Visualization of uncertainty has been clearly recognized in the research community for many years. It has been acknowledged that we need a (possibly common or even standardized) methodology to encode in our visual representations the degree of uncertainty that a given image/model holds. This issue has been debated in many papers and conferences and different approaches have been proposed, mostly based on the use of linearly varying transparency to map a scalar indicator of uncertainty (Zuk et al., 2005), or on the use of specific Non-Photorealistic Rendering (NPR) approaches (Boer et al., 2009) to present visually those portions of a model that are uncertain. In other papers, hypothetical parts are displayed by visual coding (colors, transparency, line styles, etc.) as the goal is to distinguish the certainty levels (Kensek et al., 2004; Theron et al., 2007). However, uncertainty interpretation is limited to the global 3D scene: parts are shown with different transparency levels but data cannot be fully manipulated and local information cannot be fully extracted (Pang et al., 1997). Unfortunately, a consensus and a common approach have not yet been reached.
Immersive interaction usually requires a certain degree of presence. Presence (Slater et al., 1995) in virtual environments can be measured to quantify the quality of the user experience. Slater and Steed (2000) describe a new measure for presence in immersive virtual environments (VEs) that is based on data that can be unobtrusively obtained during the course of the VE experience. At different times during an experience, the participant will occasionally switch between interpreting the totality of sensory inputs as forming the VE or the real world. Based on the number of transitions from virtual to real, a probabilistic Markov chain model is used to estimate the equilibrium probability of being present in the VE.
Several recent approaches try to jointly optimize immersion and presence, ergonomic interaction, and easy maintenance. On the other hand, CAVE systems are a powerful tool for collaborative inspection of virtual environments due to better use of peripheral vision, less sensitivity to tracking errors, and higher communication possibilities among users. Multi-projector CAVEs based on commodity hardware and gestural interaction are a promising choice, see for instance Andujar et al. (under review).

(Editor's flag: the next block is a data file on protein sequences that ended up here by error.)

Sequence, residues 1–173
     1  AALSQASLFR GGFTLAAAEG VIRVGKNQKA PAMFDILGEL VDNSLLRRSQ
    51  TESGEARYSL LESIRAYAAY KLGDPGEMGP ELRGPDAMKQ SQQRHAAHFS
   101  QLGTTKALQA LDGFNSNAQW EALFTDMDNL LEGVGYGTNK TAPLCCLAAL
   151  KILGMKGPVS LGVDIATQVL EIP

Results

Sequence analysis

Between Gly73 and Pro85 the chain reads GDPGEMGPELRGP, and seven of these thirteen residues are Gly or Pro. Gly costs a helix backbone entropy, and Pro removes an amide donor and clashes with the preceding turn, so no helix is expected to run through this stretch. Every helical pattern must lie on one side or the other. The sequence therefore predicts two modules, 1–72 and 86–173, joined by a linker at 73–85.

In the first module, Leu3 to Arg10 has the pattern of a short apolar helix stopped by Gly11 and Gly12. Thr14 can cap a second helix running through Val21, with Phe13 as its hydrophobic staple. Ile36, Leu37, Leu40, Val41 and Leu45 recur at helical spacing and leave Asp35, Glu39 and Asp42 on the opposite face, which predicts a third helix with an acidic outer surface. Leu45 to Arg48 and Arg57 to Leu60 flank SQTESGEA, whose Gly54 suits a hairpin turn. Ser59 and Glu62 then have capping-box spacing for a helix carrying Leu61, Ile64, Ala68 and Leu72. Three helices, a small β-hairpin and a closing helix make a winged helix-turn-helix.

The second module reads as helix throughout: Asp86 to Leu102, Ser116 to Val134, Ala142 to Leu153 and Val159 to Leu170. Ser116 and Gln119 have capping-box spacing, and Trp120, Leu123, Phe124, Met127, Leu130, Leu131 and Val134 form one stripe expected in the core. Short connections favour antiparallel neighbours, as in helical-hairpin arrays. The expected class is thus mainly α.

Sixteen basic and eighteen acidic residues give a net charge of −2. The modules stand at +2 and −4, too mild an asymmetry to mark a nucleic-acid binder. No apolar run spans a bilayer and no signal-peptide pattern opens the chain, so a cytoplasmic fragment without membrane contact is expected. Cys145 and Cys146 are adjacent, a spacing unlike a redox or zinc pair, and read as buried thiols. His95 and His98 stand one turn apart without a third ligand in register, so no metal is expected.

VR applications controlled through natural gestures are gaining increasing popularity these days due to recent developments in low-cost tracking systems and gesture recognition technologies. Although interaction techniques through natural gestures have demonstrated their benefits in navigation and avatar-control tasks, efficient selection, and manipulation in complex scenes remains an open problem (Argelaguet and Andujar, 2013). Data uncertainty further hinders user tasks: most selection, manipulation and navigation techniques need a close coupling with the rendering pipeline, introducing new elements to be drawn, and potentially modifying the object layout and the way the scene is rendered (Argelaguet and Andujar, 2013). Conversely, user performance is affected by rendering issues, such as latency, visual feedback, depth perception, and occlusion management. The visualization of data uncertainty does impact all the elements above, thus potentially interfering with user tasks.
3. Measurable 3D Digital Models
Producing estimates of the spatial fidelity and defining up to what extent a defined shape model is a correct representation of the original, real-world object, is essential for data comprehension. Unfortunately, in current VR inspection systems, there is a lack of such tools. In these systems, subjective evaluations are quite common. They are important on a qualitative basis (scholarly evaluation will remain a basic evaluation criterion), but should also be paired with instruments that provide and evaluate a mapping between the reconstructed model and the single basic data used to produce it.
Understanding huge amounts of acquired data requires a joint representation and visualization of data and data uncertainty. Models in 3D applications requiring data comprehension must, therefore, include geometric data plus attributes plus local fidelity information. This is clear by a reductio at absurdum argument: having no information on data uncertainty will lead to wrong interpretations, wrong model measurements and, in most cases, lack of data comprehension. Let us first imagine a cultural heritage application to inspect the state of conservation of an ancient monument, with periodic acquisitions of its shape. Unless special care is taken during the overall acquisition and processing phases, it may occur that errors in surface data 3D positions are of the same order of magnitude than the erosion changes in the surface shape, making useless any immersive inspection of the reconstructed models. As a second example, let us consider a 3D liver model of a patient with an ongoing cancer treatment. Unknown data errors may hide small texture changes that could indicate the presence of growing nodules (in some real undetected cases, a later and careful analysis of the data has shown the previously invisible nodules). In short, we claim that data can only be fully understood when information on data accuracy is available at any 3D point of the model.